Former President Donald Trump issued a statement on October 15 denouncing the results of an investigation of mail-in ballots in Pima County’s 2020 election, calling for either the results for president to be decertified with Trump declared the winner or hold a new election. He said the election was “Rigged and Stolen,” citing “staggering anomalies and fictitious votes” that “stuffed the ballot box” with more ballots than were sent out in some precincts. Arizona Rep. Mark Finchem (R-Oro Valley), who is running for Arizona Secretary of State, echoed Trump’s claims, saying there are “34,000 or 35,000 fictitious voters” in Pima County.
Trump said the analysis was done from publicly available election data, and showed that mail-in ballots returned in Pima County during the election initially showed him up 3 points over other Republicans, with Joe Biden underperforming other Democrats by 3 points. Then the mail-in ballots started returning at an abnormally high rate, over 87%, and Trump suddenly started performing worse and Biden better. However, “they overplayed their hand, and got caught. Two precincts in Pima had over 100 percent turnout for mail-in ballots — which is impossible — and 40 precincts had over 97% returned.”
The audit of Maricopa County ballots cast in the 2020 election ordered by the Arizona Legislature finished last month, and State Senate President Karen Fann (R-Prescott) said Tuesday the ballot totals don’t match the county’s official results. She told KTAR News 92.3 FM’s The Mike Broomhead Show, “They haven’t released a number yet, if you will, however we do know that those numbers do not match with Maricopa County at this point.”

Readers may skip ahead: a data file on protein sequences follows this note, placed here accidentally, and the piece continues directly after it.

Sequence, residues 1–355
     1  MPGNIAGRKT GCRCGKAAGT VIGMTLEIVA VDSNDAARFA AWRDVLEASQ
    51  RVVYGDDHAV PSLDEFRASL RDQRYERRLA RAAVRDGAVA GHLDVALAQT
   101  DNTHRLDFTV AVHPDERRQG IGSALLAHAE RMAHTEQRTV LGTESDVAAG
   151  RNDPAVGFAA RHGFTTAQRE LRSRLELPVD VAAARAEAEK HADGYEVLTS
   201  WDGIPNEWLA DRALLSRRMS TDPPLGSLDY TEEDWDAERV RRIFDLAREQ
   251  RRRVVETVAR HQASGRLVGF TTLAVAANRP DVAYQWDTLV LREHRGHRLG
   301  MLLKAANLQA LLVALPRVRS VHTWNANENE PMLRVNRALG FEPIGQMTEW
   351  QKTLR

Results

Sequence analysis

When asked about the degree of the discrepancy in the audit versus the official county tallies, Fann said, “I do not know. They have not told me the number;” adding that the auditors are “finishing up.”
The ballot audit in Maricopa County is winding down, and as details leak out from the counting and analysis, it is becoming clear what many of the problems are that will need addressing. Some could be honest mistakes, such as voters marking their ballots incorrectly, but others could be far more serious.
Arizona Senate President Karen Fann (R-Prescott) listed off several discrepancies in a letter to the Maricopa County Supervisors on May 12, such as different numbers of ballots in the boxes than the numbers listed on the pink sheets inside the boxes. She cited several examples, including one box that contained an alarming 35 fewer ballots than the number on the pink slip.